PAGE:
After Roberta Vinci shocked Serena William in the semifinal on Friday, the whole of Italy went into a celebratory mode. Saturday’s impending final became inconsequential to the Italians as they were assured of the women’s singles trophy coming to Italy, whoever won the championship game. Italian Prime Minister Matteo Renzi decided to fly to New York for the unprecedented occasion and watched Flavia pennnetta beat her compatriot Roberta Vinci in the final. He was a happy man, who sat there without tension. Pockets of the 23000-capacity Arthur Ashe stadium were empty as American didn’t like such a match but Pennetta couldn’t care less. After Serena beat big sister Williams in the quarterfinal, the average ticket price soared from around $600 to $1,500 in anticipation of Serena completing a calendar Grand Slam. However, everything changed after Serena’s exit from the scene and one could buy the final match tickets for as low as $45 as per the Associated Press. The AP reports also indicated that Serena’s chase of the calendar-year grand slam and her 22nd major had heightened the ticket sales and no tickets were available. It was the first time that women’s final at the US Open had been sold out prior to the men’s for the first time in US Open history. Roberta Vinci spoiled all that. Mood in the Big Apple was subdued on the prospect of watching the US Open final between two elderly Italians, who were ranked outside of the top 20 in the world. Had Serena reached the final that certainly wouldn’t have been the case. However, the fans did show up and besides the Italian PM, the show was graced by Hollywood stars Robert Redford and Michael Douglas. Pennetta played much better and defeated Vinci without too much trouble.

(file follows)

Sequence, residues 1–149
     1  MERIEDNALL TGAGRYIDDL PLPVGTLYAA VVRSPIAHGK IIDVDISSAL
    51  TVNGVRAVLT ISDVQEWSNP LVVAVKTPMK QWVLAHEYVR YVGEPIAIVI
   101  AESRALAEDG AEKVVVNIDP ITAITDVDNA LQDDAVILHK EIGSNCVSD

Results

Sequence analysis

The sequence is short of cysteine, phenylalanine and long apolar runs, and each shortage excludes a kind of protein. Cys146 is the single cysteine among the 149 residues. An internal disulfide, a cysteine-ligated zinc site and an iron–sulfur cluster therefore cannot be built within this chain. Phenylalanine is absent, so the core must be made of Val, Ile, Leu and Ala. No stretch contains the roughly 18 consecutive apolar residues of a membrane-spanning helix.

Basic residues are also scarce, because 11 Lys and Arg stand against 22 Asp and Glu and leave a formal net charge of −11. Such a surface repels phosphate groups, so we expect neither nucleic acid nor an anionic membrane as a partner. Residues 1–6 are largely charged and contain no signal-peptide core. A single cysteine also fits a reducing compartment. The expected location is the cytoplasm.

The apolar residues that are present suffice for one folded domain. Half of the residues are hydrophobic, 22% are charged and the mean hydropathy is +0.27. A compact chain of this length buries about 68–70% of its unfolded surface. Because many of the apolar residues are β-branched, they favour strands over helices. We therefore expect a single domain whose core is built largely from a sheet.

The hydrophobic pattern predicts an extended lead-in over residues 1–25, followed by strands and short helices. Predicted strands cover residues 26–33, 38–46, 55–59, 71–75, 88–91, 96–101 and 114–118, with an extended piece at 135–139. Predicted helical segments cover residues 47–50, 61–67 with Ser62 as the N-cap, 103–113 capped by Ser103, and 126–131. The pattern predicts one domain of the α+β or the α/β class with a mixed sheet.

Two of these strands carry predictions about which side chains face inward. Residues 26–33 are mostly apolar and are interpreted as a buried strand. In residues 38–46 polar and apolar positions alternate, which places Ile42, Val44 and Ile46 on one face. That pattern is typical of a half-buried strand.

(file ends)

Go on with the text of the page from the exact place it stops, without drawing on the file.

Against Serena Williams, Roberta Vinci made sumptuous use of her backhand slice that confounded the world no.1 in the three-set semifinal on Friday. Serena committed 40 unforced errors in that match but against Pennetta, Vinci’s favorite shot didn’t work. Pennetta had better anticipation and Vinci knew that her compatriot couldn’t be tricked so easily. The statistics were in favor of Pennetta, whose world ranking stood at 26 against Vinci’s 43; had 2014 Indian Wells last year, reached the top 10 in 2009 and held a 5-3 record against the 32-year-old Vinci.
Pennetta began quite well and broke Vinci in the fifth game of the set to lead 3-2. Her game looked on an upper keel with powerful baseline strokes and a penetrating backhand. In the first five games, Vinci couldn’t produce a single winner and committed 10 unforced errors. Regardless, Vinci bounced back and broke Pennetta in the eighth game to square the score 4-4. Then the two Italians held their serves to enter the tiebreak. Just when they looked equally matched at 2-2 in the tiebreak, Vinci cracked. She committed 4 unforced errors to hand over the first set point to her compatriot. Pennetta was not to miss the gift as she converted on her third set point. Pennetta carried the first set momentum to the second with a 4-0 lead. Vinci tried to engineer a fight-back in the second but Pennetta fended her by holding her serve for 5-2 lead with a brilliant lob. In the eighth game, Pennetta broke Vinci to love and produced an emphatic inside-out forehand winner on match point. It was all over for Serena Williams’ conqueror with Pennetta winning at 7-6, 6-2. The champion flung her racket skywards and exchanged a long hug with Vinci at the net. Then she ran to the players’ box to kiss her boyfriend, Fabio Fognini.
The Americans may not have liked the final between the two Italians but Pennetta had reached the final after defeating three Grand Slam champions or finalists; Petra Kvitova, Sam Stosur and Simona Halep. Therefore her victory was no fluke and she deserved to be recognized as the champion. Vinci didn’t look disappointed either. She set together with Pennetta during the trophy presentation and laughed a lot. In her speech, Pennetta hailed Vinci as one of her best friends on tour. The women belong to the same Puglia region in Italy and they once shared a room in their junior days.